2. MAC procedure in Probe for EPMA realises correction of theoretical A and F  coefficients in ZAF. At this way MAC bases on experimental depends of intensities from accelerating voltage (X Mac program results).

I am not clear on what you are trying to say here.
« Last Edit: July 20, 2021, 10:03:16 PM by Probeman »
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Rom

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Re: Too high oxygen with SnO2
« Reply #8 on: July 22, 2021, 06:06:23 PM »
Hi Probeman,
Thank you so much for informative and quick reply.
1. Could you explain "A single phase can only exhibit self fluorescence"?
 
If I understand correctly, the problem of oxygen concentration overestimation on Sn is due to very high A coefficient in ZAF by default. The empirical MAC coefficient is lower and results will be better.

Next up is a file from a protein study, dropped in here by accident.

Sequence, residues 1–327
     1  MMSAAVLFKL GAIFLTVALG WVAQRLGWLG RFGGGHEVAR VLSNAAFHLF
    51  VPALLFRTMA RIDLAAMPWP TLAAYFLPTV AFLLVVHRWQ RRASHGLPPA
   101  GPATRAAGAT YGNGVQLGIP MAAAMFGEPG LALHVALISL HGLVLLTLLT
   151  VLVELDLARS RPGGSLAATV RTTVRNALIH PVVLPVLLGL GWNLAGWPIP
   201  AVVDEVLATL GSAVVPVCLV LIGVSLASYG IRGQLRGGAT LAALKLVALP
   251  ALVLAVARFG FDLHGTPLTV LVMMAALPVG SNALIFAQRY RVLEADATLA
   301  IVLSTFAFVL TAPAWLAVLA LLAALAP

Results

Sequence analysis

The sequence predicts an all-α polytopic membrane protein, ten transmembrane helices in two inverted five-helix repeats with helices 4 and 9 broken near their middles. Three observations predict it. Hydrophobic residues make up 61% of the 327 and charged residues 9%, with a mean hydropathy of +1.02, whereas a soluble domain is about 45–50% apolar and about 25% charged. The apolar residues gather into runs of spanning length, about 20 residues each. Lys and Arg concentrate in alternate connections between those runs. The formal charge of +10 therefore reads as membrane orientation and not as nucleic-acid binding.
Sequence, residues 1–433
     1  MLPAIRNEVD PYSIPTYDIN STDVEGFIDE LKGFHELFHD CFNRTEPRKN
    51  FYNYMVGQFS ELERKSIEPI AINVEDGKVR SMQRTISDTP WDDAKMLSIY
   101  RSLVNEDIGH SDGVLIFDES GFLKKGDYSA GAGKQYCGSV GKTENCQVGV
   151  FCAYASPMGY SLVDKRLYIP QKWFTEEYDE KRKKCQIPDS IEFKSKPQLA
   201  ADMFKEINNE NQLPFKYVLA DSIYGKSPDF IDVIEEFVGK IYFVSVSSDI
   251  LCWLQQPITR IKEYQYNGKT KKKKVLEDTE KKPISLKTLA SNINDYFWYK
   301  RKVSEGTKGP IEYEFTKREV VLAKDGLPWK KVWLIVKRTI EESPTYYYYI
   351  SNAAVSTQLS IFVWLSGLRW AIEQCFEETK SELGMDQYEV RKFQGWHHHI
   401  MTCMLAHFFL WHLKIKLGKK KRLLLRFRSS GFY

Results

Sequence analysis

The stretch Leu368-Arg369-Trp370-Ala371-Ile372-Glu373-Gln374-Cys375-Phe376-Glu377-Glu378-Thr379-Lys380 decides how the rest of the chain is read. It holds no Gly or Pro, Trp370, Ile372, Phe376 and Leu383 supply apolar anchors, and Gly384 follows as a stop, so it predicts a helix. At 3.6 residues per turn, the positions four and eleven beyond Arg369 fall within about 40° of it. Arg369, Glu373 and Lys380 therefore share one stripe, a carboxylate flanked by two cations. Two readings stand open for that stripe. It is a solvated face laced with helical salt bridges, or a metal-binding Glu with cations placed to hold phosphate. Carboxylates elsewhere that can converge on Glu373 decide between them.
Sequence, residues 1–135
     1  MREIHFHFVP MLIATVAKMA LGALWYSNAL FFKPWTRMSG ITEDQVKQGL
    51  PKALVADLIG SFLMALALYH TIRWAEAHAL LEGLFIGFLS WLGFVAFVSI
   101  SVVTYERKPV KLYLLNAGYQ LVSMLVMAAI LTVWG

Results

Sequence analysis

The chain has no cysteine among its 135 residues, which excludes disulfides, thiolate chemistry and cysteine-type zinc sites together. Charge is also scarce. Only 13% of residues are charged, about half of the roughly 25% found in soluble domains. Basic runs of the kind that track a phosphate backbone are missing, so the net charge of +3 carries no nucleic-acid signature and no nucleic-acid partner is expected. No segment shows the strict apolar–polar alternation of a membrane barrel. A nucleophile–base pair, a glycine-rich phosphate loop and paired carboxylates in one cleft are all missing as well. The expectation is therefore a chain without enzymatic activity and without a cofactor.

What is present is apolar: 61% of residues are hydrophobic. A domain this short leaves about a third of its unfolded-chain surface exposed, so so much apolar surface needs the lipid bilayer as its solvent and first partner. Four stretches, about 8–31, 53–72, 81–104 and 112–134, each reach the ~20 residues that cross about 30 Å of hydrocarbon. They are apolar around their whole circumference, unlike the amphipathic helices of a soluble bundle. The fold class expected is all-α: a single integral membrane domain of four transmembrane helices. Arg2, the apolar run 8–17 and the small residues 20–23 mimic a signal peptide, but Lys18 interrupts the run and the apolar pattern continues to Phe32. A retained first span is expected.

I carefully looked through  the table of empirical MAC coefficients. It is interesting how to measure MAC of "O "in "O" or "O" in other gases (At, Cl, etc.)

2. Sorry for my English. I meant that MAC correct theoretical A and F coefficients in ZAF correction. And MAC are experimental results obtained at measurement of intensities depending on acceleration voltage (in XMAC software). But we are discussing this question in the question above (#1).

Probeman

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Re: Too high oxygen with SnO2
« Reply #9 on: July 22, 2021, 06:40:06 PM »
Hi Probeman,
Thank you so much for informative and quick reply.
1. Could you explain "A single phase can only exhibit self fluorescence"?

Hi Rom,
No worries.

Simply that a single phase can only fluoresce the elements within that phase. And for the phase SnO2 there is no significant self fluorescence for oxygen or Sn as absorbers as shown in the CalcZAF results.